If you’re renovating, you know how important it is to be on-trend: You don’t want to spend thousands of dollars to end up with last year’s kitchen. Thankfully, the National Kitchen and Bath Association, a trade group of kitchen and bath pros, polls more than one hundred member designers to find out what they’re including in renovations they do for clients. Here are the hot trends:
We mean satin nickel faucets, that is: 57% of NKBA designers asked for satin nickel faucets in the bathroom last year, up from 45% a year earlier. Apparently that look is in, pulling ahead of brushed nickel. (For those of you who haven’t renovated a bathroom lately, both finishes are a little matte, unlike the traditional polished nickel shiny, silver-colored finish that you can check your lipstick in.)
Trash Is Flash
In my house, the recycling is sorted … and then sits on the counter, creating an eyesore. However, in designer kitchens, there’s a place to put the trash. In the last quarter of 2010, some 89% of NKBA-designed kitchens included trash or trash and recycling pullouts. The number of designers who incorporated garbage disposals, meanwhile, rose by 18%.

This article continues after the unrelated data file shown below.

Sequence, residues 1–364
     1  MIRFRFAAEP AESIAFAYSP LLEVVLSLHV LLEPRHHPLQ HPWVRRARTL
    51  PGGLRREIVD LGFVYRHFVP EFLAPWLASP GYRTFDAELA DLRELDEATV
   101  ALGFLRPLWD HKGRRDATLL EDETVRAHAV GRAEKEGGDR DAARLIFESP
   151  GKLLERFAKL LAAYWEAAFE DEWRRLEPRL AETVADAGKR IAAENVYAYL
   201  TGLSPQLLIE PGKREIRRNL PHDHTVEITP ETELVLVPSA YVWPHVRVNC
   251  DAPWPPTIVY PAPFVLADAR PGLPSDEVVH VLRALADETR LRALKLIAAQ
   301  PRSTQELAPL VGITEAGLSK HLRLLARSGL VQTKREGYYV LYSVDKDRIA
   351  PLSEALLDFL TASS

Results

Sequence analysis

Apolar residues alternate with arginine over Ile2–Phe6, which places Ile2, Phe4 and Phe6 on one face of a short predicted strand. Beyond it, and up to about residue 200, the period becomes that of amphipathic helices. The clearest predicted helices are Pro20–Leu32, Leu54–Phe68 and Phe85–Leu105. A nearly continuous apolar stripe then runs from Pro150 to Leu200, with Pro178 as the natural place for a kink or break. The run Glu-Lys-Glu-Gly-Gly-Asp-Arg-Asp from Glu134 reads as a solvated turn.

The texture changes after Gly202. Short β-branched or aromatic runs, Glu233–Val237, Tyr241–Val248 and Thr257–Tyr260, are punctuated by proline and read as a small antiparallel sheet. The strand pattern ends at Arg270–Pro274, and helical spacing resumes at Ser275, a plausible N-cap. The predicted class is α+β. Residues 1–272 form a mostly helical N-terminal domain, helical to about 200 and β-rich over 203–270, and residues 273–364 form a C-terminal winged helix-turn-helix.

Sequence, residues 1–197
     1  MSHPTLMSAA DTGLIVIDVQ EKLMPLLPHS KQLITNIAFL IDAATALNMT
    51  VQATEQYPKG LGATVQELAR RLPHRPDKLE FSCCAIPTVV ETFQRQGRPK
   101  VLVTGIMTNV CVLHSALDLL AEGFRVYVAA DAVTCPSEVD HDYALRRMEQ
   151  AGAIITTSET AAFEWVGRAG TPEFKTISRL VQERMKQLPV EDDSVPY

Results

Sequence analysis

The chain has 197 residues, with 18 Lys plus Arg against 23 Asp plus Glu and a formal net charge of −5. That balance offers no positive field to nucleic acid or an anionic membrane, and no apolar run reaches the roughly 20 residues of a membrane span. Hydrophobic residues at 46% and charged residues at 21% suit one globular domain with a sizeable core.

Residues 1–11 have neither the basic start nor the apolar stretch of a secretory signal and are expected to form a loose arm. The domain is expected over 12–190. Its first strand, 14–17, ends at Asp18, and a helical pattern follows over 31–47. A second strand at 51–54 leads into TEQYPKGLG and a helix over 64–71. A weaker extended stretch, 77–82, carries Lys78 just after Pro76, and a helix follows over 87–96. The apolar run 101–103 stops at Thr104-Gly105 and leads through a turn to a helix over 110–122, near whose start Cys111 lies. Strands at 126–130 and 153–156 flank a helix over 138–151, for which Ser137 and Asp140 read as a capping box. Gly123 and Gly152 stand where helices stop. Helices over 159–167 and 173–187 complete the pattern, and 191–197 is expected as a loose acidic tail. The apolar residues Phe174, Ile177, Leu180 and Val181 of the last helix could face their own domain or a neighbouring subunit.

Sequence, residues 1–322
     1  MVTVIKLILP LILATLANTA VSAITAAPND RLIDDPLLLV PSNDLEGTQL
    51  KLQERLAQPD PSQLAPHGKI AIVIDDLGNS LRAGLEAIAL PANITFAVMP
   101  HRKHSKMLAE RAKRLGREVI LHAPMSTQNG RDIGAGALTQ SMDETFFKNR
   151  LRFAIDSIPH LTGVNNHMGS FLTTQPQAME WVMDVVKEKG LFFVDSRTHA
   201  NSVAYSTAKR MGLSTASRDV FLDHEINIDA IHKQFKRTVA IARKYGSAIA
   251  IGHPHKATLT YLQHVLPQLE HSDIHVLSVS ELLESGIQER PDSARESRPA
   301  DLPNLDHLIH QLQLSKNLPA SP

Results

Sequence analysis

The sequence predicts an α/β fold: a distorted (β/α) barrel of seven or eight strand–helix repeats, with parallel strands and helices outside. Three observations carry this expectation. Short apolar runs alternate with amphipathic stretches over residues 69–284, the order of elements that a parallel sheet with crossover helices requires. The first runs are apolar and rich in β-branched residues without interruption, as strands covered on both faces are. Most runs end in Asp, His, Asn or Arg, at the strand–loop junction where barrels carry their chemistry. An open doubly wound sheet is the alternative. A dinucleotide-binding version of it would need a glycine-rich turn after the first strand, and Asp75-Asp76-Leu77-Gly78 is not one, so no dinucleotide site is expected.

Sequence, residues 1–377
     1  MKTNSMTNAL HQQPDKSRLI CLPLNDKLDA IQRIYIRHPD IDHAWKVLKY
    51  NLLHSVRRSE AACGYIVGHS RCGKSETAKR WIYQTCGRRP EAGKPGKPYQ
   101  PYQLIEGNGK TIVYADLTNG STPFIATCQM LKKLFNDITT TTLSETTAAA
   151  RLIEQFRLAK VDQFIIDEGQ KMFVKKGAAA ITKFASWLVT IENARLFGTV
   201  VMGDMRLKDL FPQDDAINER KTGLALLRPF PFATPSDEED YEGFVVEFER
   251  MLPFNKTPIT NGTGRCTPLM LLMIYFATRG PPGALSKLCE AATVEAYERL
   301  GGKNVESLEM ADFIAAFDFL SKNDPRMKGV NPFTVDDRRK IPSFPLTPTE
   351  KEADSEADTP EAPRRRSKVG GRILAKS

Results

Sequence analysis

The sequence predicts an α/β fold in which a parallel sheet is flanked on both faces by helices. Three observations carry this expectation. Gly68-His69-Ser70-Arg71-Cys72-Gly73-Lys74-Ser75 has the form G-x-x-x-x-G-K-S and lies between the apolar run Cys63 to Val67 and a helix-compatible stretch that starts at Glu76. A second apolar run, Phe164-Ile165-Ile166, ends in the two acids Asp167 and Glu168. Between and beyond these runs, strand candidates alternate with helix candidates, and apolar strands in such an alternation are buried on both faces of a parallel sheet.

Last year, more than half of NKBA designers used quartz vanity tops in the bathroom. It’s still less widely used than granite (used by 83%) but surging in popularity. (The two materials cost roughly the same). Quartz—which is engineered into slabs and marketed under brand names like Caesarstone and Silestone—comes in a variety of colors, and proponents like that it has a more even pattern than granite, so it’s easier to match up the slabs.
Induction cook-tops—which aren’t hot when you finish using them, making them very appealing to people with little kids—rose in popularity, with 34% of the designers polled using them, up from 28% the year before. Induction cook-tops are usually more energy-efficient than gas or electric cook-tops, so they’re popular with the eco-friendly crowd as well.